Line of Defense Tactics is a real-time tactics game based on the Line of Defense MMO, both of which are produced by 3000AD. We had the chance to sit down with the game and came away mostly impressed. Read on to find out why.
Fans of real-time tactics, real-time strategy, or turn-based strategy games are a diverse bunch of gamers. Some players prefer ultra-realistic simulation while others prefer a more action based experience. Line of Defense Tactics finds itself somewhere in between the two camps. The gameplay is decently fast but jumps on every chance to slow things down a bit to let the player think about the poor choice they are about to make.
Many times throughout my time with Line of Defense Tactics I found myself regretting my decision to play the game, much like I did with Jagged Alliance: Back in Action. Line of Defense Tactics is just not that type of game. 3000AD has created a more cerebral experience than I was expecting, which is really never a bad thing. Rather than blindly turning a corner using a group with weapons down I found myself being increasingly cautious with my moves as time progressed. Failure is an absolute option in Line of Defense Tactics, one that I often was forced to accept.
The game offers aggressive opponents whose excellent senses are a fantastic change of pace to the normal dumb AI that I’m so accustomed to encountering. The AI really never seemed to miss an opportunity to punish me for playing like some hotshot space cowboy. Maybe with a few dozen hours put into Line of Defense Tactics I’ll learn some tricks to outsmart the AI, but during my initial time with the game I felt as if I needed to be extra careful with my moves around every single corner. It’s refreshing to see a game that doesn’t lower the bar for the player and keeps a firm grip on the developer’s vision of combat. Quite often in Jagged Alliance: Back in Action I found myself able to trick the AI into rushing towards my awaiting units, but in Line of Defense Tactics, it feels pretty much like the opposite is happening to me.
The one nagging issue that kept tripping me up was the control system in Line of Defense Tactics. Maybe it’s my previous experience with different control schemes that was causing me so many problems. I just felt as if many of the things I wanted to do quickly kept getting slowed down by clicking the wrong thing, or clicking the right things in the wrong order. According to the developer’s update on Steam, though, an upcoming patch should address many of the control issues that I had experienced. All things considered, my personal favorite real-time tactics game Jagged Alliance: Back in Action was mostly unplayable until many patches into post-release, so fixing most of my issues with Line of Defense Tactics within about a month is pretty good.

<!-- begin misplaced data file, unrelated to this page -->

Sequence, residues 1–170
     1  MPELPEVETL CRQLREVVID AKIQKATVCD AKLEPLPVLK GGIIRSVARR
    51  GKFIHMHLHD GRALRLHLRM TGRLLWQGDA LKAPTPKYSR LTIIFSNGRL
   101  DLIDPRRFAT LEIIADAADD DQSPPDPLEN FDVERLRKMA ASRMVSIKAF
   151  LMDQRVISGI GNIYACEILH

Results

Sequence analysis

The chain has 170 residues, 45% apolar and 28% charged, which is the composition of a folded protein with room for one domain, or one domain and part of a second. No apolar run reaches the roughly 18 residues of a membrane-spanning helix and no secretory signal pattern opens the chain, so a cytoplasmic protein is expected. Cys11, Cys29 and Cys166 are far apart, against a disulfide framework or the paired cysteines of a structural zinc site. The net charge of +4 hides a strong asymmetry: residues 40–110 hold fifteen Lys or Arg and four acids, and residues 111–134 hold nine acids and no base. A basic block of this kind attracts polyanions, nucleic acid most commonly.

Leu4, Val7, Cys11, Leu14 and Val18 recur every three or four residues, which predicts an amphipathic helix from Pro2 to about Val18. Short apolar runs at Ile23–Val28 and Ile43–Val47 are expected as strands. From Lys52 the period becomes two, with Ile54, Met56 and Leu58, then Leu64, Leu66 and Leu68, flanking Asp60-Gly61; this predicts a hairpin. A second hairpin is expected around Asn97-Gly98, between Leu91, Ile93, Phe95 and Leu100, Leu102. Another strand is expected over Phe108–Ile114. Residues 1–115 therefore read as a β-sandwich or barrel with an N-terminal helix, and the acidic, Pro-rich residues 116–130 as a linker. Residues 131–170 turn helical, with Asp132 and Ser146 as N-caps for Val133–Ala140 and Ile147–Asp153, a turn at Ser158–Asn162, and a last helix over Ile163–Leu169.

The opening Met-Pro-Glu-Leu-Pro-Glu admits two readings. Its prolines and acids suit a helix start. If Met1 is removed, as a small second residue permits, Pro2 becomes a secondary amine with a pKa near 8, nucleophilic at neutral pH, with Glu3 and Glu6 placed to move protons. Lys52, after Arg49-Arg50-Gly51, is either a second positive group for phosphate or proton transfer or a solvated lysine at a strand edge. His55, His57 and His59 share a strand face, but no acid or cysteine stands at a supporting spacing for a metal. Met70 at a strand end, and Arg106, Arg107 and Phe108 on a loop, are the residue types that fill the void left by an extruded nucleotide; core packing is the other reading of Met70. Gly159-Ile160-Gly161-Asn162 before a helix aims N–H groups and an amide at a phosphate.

I played a good deal of Line of Defense Tactics and was generally pleased with the game. The entire experience left me thinking that Line of Defense Tactics was probably not made for me, nor was I made for it. Additionally, the UI and unit’s action tree continuously made me think the game was much easier played on a touch screen device. It’s quite clear many of the design choices allowed the game to offer the same experience regardless of device. I just felt as if I might be on the short end of that stick because I was stuck with a mouse.
Overall, I enjoyed the game. While I haven’t progressed nearly as far as I’d like to in Line of Defense Tactics, I do plan on putting in a chunk of time to make a run at completing it once the upcoming patch arrives. Hopefully the few issues I do have with controls will be solved and my stupid tactical decisions can be punished over and over again by the ever vigilant AI.Graphics
I was impressed by the excellent graphics in Line of Defense Tactics. I noticed a few wonky animations and an odd texture here or there, but overall the graphics were masterfully created. Most impressively the game runs phenomenally. Even while recording a “let’s play” I was running at over 500 fps on max settings. The lighting was dark and futuristic when it needed to be; everything you’d expect in a sci-fi game like this.Sound
The sound was mostly spot on. The sounds I heard were well crafted and gave me a clear sense of what was happening during battle, even down to the bullets bouncing off walls. Many unique sounds allow the player to identify which unit is firing which gun. Sadly the weapon I was most looking forward to using, the energy lance, sounds mostly like banging on the side of a plastic garbage can. Or maybe it sounds like hitting your friend with a cardboard tube. Either way, I mostly laughed at the energy lance sound and switched back to using a rifle.Gameplay
Aside from the controls, 3000AD has managed to create an enjoyable experience that rewards using tactics rather than being an idiot.User Interface
PC gamers without touch screens might feel a bit left out with the control scheme, though an upcoming patch should help smooth the overall mouse/keyboard experience.